Next-gen eye tracking is a game changer for disabled people

Coming to a computer or tablet near you soon, Eye Tribe Tracker technology promises to take gaming to a whole new level. It's a great innovation for every gamer but it could transform the lives of disabled people - and not just those who play games. It is compact, much less expensive than previous solutions and could soon be working with other accessibility options in every mainstream laptop, desktop and mobile device. So what does this new tech offer and how could it change the lives of disabled people?

Fingers off that gadget

Most of us use our fingers to control our computers, tablets and smartphones but there are many other ways of interacting with our gadgets.

You could try voice control (“Hey Siri, what’s my next appointment?”), hand or body gestures (using Microsoft’s Kinect for your Xbox or Leap Motion for your laptop) - and at AbilityNet we’ve assessed people who use their feet to operate a trackball or all ten toes to touchtype at 100 wpm.

Technology is all about choice and it has the power to transform the lives of people who need to do things a little differently.

Keeping an eye on my tech

Another very powerful way of controlling a computer is by eye-movement alone and this is the basis of the new tracker from Eye Tribe. As well as the gaming applications it's designed for this tech could take someone who has no other way of operating a computer or smartphone to a whole new level

At present people who have no body movement or speech and who are only able to move their eyes can control a computer by doing a definite blink (the software ignores the unconscious blinks we do all the time). That action can start a scan through the options and menu items in an application - or all the links in a web page. When the desired item is highlighted, another blink activates it.

Many operating systems already have this capability built-in, including Windows, macOS and iOS. You can use a suitable switch to write documents, send a text or use your favourite apps - whether it’s by monitoring your blinks or activated by a muscle twitch in your cheek, as used by Prof Stephen Hawking etc.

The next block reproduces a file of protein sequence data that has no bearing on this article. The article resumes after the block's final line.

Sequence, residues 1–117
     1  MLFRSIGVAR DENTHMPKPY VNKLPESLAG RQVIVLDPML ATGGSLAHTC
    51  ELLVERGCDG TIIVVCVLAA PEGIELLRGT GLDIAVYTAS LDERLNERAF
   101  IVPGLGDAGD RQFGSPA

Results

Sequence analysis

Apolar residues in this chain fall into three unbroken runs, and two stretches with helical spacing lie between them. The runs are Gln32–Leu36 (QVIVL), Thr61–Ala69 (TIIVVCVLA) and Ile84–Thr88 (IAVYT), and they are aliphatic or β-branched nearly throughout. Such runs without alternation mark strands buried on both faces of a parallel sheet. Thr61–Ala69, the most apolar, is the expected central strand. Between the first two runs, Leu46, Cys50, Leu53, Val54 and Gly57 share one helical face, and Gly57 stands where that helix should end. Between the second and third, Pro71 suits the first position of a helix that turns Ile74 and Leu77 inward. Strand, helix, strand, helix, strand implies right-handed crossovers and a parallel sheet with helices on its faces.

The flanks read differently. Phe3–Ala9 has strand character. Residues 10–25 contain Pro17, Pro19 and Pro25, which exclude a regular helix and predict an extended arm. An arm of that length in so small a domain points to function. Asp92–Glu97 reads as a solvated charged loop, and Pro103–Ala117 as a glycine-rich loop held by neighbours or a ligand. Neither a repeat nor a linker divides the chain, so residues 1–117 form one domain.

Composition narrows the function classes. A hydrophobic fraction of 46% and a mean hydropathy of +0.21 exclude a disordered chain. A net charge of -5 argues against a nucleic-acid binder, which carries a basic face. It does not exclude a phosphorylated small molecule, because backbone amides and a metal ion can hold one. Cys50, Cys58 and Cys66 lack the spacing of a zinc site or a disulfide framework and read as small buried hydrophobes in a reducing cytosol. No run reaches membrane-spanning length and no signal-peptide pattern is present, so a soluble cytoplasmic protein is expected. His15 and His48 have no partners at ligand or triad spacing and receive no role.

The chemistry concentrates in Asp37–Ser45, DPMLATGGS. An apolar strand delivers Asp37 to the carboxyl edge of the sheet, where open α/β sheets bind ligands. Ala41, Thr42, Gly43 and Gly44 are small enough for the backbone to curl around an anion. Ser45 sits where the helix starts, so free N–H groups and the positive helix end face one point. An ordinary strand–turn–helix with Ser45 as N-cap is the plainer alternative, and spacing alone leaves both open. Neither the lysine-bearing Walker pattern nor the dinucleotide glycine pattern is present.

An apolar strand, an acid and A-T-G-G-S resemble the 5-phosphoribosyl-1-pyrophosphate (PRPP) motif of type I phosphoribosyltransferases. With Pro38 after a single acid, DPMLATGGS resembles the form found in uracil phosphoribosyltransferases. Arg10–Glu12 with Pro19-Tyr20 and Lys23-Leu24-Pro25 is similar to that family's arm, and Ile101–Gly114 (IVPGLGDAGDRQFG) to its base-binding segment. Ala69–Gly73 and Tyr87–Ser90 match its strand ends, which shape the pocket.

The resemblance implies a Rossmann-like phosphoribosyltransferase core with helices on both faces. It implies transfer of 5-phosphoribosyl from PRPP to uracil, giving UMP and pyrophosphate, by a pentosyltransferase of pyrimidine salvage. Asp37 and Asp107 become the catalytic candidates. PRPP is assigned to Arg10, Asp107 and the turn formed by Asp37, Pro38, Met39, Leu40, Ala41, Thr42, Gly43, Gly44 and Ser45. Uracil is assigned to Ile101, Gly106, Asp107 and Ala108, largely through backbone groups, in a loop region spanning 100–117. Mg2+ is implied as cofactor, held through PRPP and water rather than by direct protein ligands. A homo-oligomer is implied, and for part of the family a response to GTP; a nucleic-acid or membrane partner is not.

The trouble is that this method can be incredibly time-consuming – especially where there are dozens of items on a screen or you just miss the one you wanted.

The Eye Tribe Tracker to the rescue

Eye-tracking tech is nothing new. It's been available on the PC for nearly two decades (most notably the Tobii eye-tracker) but the specialist hardware and software has cost many thousands of pounds.

Despite this it has revolutionised the lives of people with no other effective method of controlling their computer. Compared to using a blink to scroll through options you can simply look at the item you want to be activated, let your eyes dwell on it for a preset period and it will be clicked.

Dwell control has been added to MacOSX

Just like with switch control, we are now seeing elements of eye-tracking being included in mainstream operating systems such as the new dwell support in the latest version of macOS. The trouble is that special hardware such as a headband or multiple camera system is still required.

But that’s about to change.

Putting eye-tracking within reach of tablets and smartphones

Until now the two main factors preventing eye-tracking tech from coming to mobile devices was the size and price.

The good news is that Eye Tribe technology is far more compact and vastly less expensive than solutions that have come before. It is portable enough to be used with your laptop or tablet, and we may soon see it incorporated into everyday devices, alongside the accessibility settings that currently include speech output for the blind or switch control for the motor impaired.

Eyetribe has made and SDK available to developers

As well as cost and size advantages the Eye Tribe also includes an SDK (software developer kit) which means app developers only need to use a few lines of code for their apps to receive a real-time stream of eye coordinates.

Users could operate their game completely hands-free or, even more crucially, users such as Prof Hawking can put aside his switch and go for the steely gaze instead.

Keep your eyes on the prize!

This is an exciting development in mainstream tech that could be big news for people with very specific accessibility needs. It may be that tech similar to Google’s Project Tango beats the Eye Tribe in bringing eye-tracking to the smartphone – or perhaps Apple, ever-leading in accessibility, will just quietly incorporate it into a future iPhone.

But whatever way it develops, keep your eyes firmly fixed on this space.